COVID-19 Cases Trend Chart When the pandemic hit Milan and Italy, like many others, I wanted to take a look at the data, even though it was uncertain.

The goal was not to create a predictive system – many were already dedicated to that, using specific information and models – but to highlight existing trends.

Cleaned data (graph below) could indeed provide better insights than the raw values reported in the media every day.

I decided to put the representations I had created online on the website www.covcompare.com. The content is generated by a program that daily (around the time of release) downloads data from institutional websites and prepares some useful results later on.

Upon user request, you can view any combination of regions.

There are essentially four visualizations related to new cases of coronavirus infection, allowing comparisons between regions. The first one is the absolute number of new infections, as reported by institutions, mainly demonstrating that this raw number tells little.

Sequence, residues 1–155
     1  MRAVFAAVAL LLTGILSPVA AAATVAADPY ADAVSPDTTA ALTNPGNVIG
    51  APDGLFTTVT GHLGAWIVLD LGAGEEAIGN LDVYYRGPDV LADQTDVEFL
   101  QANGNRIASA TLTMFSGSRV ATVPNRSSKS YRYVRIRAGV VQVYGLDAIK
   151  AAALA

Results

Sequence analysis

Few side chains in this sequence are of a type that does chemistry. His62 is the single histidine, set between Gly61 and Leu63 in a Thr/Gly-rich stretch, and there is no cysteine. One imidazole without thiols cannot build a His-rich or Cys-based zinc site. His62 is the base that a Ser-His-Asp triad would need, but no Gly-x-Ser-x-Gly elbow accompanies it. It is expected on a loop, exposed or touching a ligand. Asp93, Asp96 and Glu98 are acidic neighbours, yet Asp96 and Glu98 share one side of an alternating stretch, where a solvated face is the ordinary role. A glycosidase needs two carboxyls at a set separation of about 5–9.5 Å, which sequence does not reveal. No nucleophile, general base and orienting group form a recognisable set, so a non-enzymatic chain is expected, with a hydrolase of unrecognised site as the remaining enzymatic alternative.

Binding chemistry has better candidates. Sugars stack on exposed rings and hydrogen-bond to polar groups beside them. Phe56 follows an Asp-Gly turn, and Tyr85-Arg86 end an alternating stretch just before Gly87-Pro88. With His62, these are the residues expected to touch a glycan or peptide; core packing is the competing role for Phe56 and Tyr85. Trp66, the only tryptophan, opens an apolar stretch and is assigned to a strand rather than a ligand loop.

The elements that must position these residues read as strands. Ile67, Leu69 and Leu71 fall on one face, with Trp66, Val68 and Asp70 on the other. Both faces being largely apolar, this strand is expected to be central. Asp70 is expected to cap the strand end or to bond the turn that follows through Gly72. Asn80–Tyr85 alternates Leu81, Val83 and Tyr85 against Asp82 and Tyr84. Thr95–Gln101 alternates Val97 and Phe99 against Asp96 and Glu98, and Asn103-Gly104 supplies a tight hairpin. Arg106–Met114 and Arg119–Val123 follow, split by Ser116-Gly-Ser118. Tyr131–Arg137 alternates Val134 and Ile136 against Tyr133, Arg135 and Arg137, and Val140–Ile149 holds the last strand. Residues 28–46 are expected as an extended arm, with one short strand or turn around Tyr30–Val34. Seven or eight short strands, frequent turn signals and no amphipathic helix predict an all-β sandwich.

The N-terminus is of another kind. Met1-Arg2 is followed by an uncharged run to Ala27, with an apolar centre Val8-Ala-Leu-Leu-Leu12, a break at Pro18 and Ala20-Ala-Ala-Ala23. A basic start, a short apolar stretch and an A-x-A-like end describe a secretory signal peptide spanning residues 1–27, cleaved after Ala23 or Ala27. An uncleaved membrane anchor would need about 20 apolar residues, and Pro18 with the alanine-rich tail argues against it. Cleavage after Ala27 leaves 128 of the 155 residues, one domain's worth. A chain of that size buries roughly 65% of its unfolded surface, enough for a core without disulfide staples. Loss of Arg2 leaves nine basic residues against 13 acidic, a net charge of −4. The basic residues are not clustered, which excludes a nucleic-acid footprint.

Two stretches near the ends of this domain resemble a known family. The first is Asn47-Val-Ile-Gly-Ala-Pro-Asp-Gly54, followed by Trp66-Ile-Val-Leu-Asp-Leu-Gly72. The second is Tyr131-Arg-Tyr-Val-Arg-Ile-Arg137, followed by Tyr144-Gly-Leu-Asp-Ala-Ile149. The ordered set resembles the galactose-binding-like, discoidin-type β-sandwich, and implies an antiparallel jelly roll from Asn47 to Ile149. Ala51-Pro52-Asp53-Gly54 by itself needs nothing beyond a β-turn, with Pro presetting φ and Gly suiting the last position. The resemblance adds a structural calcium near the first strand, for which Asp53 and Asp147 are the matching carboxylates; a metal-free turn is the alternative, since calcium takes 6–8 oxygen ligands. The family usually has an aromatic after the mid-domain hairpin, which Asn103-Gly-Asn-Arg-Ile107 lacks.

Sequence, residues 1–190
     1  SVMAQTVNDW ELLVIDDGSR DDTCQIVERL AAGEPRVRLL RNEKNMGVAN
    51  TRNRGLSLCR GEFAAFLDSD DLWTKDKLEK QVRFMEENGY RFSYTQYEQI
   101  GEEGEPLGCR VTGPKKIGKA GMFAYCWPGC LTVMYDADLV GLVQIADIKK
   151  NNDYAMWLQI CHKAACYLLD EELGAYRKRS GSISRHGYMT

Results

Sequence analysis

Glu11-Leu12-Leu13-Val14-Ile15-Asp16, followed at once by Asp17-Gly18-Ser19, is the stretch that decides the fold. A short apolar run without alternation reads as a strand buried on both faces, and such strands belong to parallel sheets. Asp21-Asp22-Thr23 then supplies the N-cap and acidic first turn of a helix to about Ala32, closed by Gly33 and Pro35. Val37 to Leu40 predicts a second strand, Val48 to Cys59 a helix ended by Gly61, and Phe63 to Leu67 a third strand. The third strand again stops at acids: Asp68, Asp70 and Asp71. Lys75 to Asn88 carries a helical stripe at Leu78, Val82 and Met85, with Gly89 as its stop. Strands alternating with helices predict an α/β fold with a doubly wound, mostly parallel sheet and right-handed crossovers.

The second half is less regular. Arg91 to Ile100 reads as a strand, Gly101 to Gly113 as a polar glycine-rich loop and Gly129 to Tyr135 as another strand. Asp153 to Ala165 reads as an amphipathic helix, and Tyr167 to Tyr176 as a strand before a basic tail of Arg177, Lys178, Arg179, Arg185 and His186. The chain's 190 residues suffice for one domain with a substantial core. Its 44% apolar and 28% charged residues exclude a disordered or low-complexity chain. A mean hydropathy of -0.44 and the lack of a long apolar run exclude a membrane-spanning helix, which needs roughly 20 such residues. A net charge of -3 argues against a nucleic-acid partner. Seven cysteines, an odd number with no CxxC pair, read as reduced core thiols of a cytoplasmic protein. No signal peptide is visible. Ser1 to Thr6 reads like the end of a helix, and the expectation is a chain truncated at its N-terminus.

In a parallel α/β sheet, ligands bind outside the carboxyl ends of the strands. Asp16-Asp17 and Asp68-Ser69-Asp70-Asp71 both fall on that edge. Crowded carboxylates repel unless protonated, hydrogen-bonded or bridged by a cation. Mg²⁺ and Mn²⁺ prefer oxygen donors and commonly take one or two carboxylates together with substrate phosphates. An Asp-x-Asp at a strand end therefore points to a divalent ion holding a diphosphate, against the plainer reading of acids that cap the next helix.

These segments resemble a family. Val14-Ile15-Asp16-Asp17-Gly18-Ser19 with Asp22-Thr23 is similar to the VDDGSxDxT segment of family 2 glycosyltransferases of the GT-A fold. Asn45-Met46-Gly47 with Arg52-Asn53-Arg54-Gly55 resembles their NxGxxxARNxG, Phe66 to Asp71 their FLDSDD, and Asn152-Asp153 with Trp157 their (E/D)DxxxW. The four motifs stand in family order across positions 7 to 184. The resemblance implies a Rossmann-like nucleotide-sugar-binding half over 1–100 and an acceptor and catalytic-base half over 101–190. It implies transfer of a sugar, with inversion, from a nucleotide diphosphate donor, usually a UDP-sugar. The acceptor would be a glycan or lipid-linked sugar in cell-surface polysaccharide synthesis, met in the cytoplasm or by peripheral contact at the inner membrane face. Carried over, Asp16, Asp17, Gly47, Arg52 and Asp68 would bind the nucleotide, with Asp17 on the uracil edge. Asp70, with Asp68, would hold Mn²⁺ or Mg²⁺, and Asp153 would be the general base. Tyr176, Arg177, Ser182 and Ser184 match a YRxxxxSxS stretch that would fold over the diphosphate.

Then, there’s a chart of processed data – normalized with respect to the population, logarithm, moving average – where you can actually see what is happening in a specific region. Finally, there is a heatmap representing all days and all regions.

Regarding the heatmap, I wanted to order the regions so that they showed a homogeneous transition. To do this, I used Principal Component Analysis (I also experimented with other techniques, with similar results), which automatically extracts the best ordering of regions.

Finally, I used a clustering algorithm particularly suitable for time series to group the regions (there are clusters with similar trends in terms of acceleration and deceleration) and a peak detection algorithm to identify the peak moments of different waves in different areas.


Peaks and Clusters


The code is available on Github: https://github.com/giosds/covcompare

The backend is implemented in Python, using Flask.



Note: Automatically translated from Italian.